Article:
- small Rocks (gravel about 1/2 to 3/4 inches is fine – I used decorative gravel from the craft store – $5 for enough for 20 trees)
- Hot glue gun
- Matte “Mod Podge” decoupage glue and sealant (or watered down white glue)
- Ground cover:
- Woodland Scenic Fine Brown Ballast
- Woodland Scenic Coarse Brown Ballast
- Woodland Scenic static grass
- McCormick Italian Seasoning (or other old herbs that have lost their flavor) – this makes fantastic fallen woodland clutter
- Krylon Brown Spray Primer (red brown)
- Delta Ceramcoat Dark Brown (dark brown)
- Delta Ceramcoat Linen (parchment or ivory)
- Delta Ceramcoat Hippo Gray (dark gray)
- Delta Ceramcoat Quaker Gray (light gray)
- Delta Ceramcoat Ivy (medium green)
- Delta Ceramcoat Autumn Brown (medium brown)
- Scissors, Craft Knife, and Wire cutter
- Cut the wire for the stems – I cut four 12″ and twelve 8″ long pieces of the Paper Wrapped Floral Wire. Twist the four 12″ pieces together. Leave the last 3″ loose for the roots and the last 4″ loose for the crown. Now individually twist the twelve 8″ pieces around the trunk to make the trunk thicker (it should end up about 3/4″ thick) and end in limbs. Note that you want to twist these around each other in a fashion that does not untwist the floral wire covering and all the stems are going around the trunk in the same direction. You want the limbs to mostly sprout out about 4″ from the roots to form a crown (with maybe one or two higher or lower). For the limbs twist 2 or three pieces together where they exit the trunk leaving the last inch or two loose. At the root end, twist the various ends together to make three or four large roots with maybe one or two little roots. Once all the floral wire is twisted together bend the roots and limbs into aesthetically pleasing shapes.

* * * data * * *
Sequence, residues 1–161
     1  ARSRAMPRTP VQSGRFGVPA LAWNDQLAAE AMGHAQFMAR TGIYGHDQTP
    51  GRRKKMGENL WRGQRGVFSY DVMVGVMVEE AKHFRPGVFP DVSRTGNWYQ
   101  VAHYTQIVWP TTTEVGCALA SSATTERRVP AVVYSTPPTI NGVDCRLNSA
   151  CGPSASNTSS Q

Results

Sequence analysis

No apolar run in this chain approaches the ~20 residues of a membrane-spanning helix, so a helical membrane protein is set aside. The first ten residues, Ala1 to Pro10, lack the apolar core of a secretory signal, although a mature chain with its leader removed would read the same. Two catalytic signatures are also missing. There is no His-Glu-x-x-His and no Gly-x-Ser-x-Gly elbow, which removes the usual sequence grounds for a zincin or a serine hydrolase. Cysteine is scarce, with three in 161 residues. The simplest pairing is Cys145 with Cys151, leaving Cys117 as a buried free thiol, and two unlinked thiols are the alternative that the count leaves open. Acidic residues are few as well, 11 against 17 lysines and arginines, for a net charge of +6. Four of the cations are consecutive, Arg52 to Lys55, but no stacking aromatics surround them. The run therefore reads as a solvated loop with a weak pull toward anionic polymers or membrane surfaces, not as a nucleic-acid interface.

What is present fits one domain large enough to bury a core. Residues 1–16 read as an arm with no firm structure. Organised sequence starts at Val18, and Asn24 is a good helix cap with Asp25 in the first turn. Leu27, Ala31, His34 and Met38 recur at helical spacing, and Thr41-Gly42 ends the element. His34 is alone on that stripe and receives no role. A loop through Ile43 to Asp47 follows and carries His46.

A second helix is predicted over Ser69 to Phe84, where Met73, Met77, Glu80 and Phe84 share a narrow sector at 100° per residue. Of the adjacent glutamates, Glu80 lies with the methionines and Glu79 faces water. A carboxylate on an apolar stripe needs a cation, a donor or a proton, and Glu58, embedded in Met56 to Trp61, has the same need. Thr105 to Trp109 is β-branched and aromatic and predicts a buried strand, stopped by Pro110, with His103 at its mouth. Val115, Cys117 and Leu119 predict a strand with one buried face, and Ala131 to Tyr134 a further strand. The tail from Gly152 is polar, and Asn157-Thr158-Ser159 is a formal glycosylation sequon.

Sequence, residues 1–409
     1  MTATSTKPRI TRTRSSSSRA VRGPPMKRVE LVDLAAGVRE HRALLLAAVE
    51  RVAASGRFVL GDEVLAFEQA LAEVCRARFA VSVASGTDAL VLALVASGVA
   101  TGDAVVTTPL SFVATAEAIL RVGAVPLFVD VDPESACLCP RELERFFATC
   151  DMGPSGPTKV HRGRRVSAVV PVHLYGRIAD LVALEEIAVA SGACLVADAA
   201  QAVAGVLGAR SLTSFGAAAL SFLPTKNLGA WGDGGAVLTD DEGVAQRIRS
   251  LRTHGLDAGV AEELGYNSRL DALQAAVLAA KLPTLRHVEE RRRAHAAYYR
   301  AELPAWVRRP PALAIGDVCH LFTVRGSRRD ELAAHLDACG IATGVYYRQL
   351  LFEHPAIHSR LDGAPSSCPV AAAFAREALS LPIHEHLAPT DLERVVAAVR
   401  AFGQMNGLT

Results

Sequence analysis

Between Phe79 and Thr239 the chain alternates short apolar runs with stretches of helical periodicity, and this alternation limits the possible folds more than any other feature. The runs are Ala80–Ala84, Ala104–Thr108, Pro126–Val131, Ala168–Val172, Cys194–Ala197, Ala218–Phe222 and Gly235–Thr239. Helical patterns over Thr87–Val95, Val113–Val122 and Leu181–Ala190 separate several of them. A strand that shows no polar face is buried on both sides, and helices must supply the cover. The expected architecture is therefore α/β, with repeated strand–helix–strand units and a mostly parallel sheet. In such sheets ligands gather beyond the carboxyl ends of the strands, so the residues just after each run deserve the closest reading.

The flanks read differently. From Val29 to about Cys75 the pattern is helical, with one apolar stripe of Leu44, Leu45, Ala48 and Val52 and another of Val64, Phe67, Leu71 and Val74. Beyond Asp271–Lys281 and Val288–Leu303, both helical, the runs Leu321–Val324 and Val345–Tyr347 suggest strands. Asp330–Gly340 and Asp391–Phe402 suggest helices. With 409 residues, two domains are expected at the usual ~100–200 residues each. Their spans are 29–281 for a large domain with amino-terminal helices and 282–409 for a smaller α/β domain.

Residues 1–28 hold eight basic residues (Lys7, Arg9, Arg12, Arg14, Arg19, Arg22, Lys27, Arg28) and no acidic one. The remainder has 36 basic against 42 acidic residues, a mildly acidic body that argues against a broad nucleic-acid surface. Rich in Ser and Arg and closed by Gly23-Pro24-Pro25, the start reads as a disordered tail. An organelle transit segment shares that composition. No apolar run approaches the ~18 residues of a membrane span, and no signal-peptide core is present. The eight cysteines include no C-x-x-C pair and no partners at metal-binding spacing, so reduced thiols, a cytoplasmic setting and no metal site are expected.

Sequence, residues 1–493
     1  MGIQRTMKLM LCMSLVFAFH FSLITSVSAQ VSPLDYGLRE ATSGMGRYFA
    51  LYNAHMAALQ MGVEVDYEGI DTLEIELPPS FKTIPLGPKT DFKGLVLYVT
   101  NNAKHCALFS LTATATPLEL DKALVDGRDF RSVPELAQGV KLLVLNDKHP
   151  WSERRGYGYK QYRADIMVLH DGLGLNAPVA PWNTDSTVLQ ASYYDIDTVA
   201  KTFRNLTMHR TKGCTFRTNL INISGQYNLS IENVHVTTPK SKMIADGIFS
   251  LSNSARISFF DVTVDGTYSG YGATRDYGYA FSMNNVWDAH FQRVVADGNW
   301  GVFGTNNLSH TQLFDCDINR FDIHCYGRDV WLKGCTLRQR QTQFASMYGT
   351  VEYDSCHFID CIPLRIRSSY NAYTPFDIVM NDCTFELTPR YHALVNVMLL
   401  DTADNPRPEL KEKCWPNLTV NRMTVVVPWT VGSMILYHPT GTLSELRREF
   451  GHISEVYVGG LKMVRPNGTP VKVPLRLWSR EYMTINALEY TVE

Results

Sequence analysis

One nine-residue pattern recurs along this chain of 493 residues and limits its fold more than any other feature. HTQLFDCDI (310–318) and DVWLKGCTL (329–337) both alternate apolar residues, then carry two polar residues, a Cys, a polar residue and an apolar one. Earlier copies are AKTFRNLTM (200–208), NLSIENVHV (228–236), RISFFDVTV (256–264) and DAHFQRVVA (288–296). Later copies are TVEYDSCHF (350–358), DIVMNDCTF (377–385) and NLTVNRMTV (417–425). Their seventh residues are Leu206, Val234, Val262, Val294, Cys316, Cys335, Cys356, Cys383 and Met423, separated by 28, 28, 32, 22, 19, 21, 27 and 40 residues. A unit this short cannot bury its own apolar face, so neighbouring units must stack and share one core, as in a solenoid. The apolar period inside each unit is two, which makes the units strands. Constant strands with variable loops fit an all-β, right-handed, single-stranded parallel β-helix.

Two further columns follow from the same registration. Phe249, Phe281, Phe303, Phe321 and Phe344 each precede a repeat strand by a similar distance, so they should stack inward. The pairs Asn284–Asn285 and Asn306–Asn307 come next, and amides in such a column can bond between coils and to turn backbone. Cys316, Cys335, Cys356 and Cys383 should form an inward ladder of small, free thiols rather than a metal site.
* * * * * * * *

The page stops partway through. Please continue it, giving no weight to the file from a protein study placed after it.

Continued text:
- Cut a 3″ to 4″ diameter circle from the card stock. I traced mine around a Morton salt container. The finished platform can accommodate six minis on 25mm circular bases. Cut out a center hole that is the diameter of the 4 floral wires that form the center stem for the crown. Slide the circle down the stem for a test fit and bend the supporting limbs to a sturdy nest.
- Glue the coffee stirrers to the platform, trim the stirrers to match the card disc, and use a craft knife to cut out the center.
- Test fit it again. If all is well, then glue the platform from underneath to the main stem and to the supporting limbs with more hot glue.